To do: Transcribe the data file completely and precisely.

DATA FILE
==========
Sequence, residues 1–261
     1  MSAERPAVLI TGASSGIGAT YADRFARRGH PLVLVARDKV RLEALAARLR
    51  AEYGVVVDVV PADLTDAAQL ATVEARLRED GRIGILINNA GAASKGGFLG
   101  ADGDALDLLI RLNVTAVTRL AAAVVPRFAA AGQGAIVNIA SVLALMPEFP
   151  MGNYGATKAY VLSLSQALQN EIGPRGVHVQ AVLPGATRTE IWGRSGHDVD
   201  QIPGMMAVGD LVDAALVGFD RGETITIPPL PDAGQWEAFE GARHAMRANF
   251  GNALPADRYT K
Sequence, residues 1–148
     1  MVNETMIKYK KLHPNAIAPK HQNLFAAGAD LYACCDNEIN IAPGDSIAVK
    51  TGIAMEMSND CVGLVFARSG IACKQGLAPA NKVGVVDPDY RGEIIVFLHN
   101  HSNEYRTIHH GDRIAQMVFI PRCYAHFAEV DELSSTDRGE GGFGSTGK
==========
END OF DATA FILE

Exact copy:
Sequence, residues 1–261
     1  MSAERPAVLI TGASSGIGAT YADRFARRGH PLVLVARDKV RLEALAARLR
    51  AEYGVVVDVV PADLTDAAQL ATVEARLRED GRIGILINNA GAASKGGFLG
   101  ADGDALDLLI RLNVTAVTRL AAAVVPRFAA AGQGAIVNIA SVLALMPEFP
   151  MGNYGATKAY VLSLSQALQN EIGPRGVHVQ AVLPGATRTE IWGRSGHDVD
   201  QIPGMMAVGD LVDAALVGFD RGETITIPPL PDAGQWEAFE GARHAMRANF
   251  GNALPADRYT K
Sequence, residues 1–148
     1  MVNETMIKYK KLHPNAIAPK HQNLFAAGAD LYACCDNEIN IAPGDSIAVK
    51  TGIAMEMSND CVGLVFARSG IACKQGLAPA NKVGVVDPDY RGEIIVFLHN
   101  HSNEYRTIHH GDRIAQMVFI PRCYAHFAEV DELSSTDRGE GGFGSTGK